SITUATION 6: The 103-pound wrestler for Team Python brings a skin lesion documentation from his doctor stating that his lesion (ringworm) is under the doctor’s treatment, which permits the wrestler to compete. However, during the skin check, it is noticed by the referee that the skin lesion (ringworm) appears to be very active. There is no on-site health care professional to re-evaluate the skin lesion and the referee does not allow the wrestler to compete. RULING: Correct procedure. Rules 3-1-2 and 4-2-3 grant the referee full control of the match and his decisions are final. In addition, the referee has the authority to overrule the diagnosis of an appropriate health-care professional who has signed a medical release form if the skin condition appears to be active.
SITUATION 7: Wrestler B of Team Black Bears goes back and forth between the junior varsity and varsity squads but never exceeds contest or match limits. On Thursday, Wrestler B wrestles in a junior varsity team event. On Friday, he wrestles in a varsity team event. The coach of Team Black Bears feels that Wrestler B and the other wrestlers are eligible for consecutive day pound allowance. RULING: Rule 4-5-5 states that when there are consecutive days of team competition, there shall be a one-pound additional allowance granted. The key word here is team not individual. (4.5.5 Situation C)
SITUATION 8: In a match in one particular state, Wrestler A is holding Wrestler B with both of his arms trapped as he lifts him off the mat in an attempt to place him in a disadvantageous position back on the mat. The referee immediately stops the match with a potentially dangerous call as soon as the arm trap is applied. RULING: While the NFHS Wrestling Rules Book does not require the match to be stopped immediately, it is the prerogative of each NFHS member state association to instruct officials in their state to stop the match for this move.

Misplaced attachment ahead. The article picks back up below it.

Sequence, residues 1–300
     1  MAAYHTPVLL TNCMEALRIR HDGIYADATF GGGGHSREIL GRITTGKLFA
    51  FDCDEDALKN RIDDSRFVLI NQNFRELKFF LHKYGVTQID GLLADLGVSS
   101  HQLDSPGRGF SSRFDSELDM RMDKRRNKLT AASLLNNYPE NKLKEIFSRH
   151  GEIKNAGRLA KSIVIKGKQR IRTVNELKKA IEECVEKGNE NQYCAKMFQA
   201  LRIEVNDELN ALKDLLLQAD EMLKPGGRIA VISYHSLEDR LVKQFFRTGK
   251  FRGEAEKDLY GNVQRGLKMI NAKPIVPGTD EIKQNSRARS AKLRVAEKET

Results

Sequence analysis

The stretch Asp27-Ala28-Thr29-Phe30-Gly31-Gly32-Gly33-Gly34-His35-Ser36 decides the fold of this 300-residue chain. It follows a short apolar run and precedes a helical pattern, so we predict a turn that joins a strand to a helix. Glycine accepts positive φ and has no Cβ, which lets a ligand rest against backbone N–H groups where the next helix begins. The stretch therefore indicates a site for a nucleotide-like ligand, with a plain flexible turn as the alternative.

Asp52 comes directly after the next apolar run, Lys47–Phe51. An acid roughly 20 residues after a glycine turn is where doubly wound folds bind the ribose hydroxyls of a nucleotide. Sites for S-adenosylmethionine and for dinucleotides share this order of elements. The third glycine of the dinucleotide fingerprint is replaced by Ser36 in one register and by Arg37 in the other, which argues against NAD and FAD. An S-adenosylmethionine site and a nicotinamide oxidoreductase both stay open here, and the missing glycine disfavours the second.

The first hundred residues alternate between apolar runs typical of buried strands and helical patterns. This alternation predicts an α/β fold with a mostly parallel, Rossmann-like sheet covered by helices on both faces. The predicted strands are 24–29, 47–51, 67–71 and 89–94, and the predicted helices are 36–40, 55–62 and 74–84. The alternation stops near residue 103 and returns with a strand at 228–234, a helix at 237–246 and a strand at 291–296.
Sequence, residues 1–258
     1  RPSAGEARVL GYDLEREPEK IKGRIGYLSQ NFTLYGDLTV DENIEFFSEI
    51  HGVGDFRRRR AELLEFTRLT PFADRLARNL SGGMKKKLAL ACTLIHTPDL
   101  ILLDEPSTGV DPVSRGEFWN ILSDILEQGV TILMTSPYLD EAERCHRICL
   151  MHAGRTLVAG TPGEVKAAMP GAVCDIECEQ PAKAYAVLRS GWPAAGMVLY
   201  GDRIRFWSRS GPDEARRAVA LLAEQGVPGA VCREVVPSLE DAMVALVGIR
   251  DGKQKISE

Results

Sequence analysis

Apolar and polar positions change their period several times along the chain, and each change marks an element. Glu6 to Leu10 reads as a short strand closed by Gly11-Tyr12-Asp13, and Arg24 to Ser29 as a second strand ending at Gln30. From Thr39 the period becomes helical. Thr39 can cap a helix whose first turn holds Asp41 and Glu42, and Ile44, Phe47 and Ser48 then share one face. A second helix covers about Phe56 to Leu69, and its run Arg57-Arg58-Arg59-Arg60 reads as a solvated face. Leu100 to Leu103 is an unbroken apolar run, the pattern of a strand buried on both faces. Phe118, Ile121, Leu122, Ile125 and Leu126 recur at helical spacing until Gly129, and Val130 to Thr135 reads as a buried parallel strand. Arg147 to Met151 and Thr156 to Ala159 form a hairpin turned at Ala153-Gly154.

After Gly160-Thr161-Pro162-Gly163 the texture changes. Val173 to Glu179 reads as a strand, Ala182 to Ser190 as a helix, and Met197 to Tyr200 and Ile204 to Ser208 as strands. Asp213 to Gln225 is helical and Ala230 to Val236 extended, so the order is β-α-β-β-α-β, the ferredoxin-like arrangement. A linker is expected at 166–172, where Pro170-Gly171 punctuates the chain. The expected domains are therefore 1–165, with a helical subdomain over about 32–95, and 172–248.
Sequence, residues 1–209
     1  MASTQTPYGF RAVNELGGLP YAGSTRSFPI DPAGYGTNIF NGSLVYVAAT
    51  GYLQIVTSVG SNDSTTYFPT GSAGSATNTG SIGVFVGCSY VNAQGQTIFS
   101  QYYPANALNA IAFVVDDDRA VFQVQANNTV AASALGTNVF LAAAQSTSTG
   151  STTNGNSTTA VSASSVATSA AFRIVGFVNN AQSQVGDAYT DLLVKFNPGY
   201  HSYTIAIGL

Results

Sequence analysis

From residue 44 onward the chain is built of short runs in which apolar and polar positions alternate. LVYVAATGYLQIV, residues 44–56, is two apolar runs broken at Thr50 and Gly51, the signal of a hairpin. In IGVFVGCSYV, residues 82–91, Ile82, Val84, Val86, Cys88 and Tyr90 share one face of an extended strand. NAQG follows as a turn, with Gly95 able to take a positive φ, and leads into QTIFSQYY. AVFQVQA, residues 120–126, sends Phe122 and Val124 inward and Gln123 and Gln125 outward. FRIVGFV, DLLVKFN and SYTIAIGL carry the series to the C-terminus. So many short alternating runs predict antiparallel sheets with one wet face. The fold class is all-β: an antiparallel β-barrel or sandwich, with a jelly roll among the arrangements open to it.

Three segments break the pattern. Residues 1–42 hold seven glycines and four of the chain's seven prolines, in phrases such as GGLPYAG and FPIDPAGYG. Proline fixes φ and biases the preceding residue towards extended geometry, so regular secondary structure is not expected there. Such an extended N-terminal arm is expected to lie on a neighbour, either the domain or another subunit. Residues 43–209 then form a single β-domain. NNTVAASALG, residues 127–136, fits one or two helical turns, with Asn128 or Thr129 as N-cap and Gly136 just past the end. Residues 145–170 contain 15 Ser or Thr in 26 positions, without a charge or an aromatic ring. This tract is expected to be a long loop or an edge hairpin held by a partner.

SITUATION 9: Wrestler A is frequently going out of the wrestling area and/or forcing Wrestler B out of the wrestling area. Wrestler B’s coach expresses that a technical violation should only be enforced if a wrestler is avoiding a scoring situation. RULING: Rule 7-3-1 states going out of the wrestling area or forcing an opponent out of the wrestling area – by either wrestler at any time as a means of avoiding wrestling – is a technical violation. Both wrestlers should make every effort to remain inbounds. When the referee feels that either wrestler has failed to make every effort to stay inbounds, the offending wrestler shall be penalized.
SITUATION 10: Team Antelopes are “takedown specialists,” with their strategy being to take their opponent down frequently and out-point them as opposed to securing a fall. The opponent questions when the defensive wrestler stands, how long does the offensive wrestler have to either release the defensive wrestler or work to return to the mat? The rule does not specify a time, but it is clear that the offensive wrestler has to work to secure a fall or release the defensive wrestler and attempt to secure a takedown. RULING: Rule 7-6-4 states it is stalling when the contestant in the advantage position does not wrestle aggressively and attempt to secure a fall, except when the wrestler intentionally releases the opponent in order to thereafter immediately attempt to secure a takedown.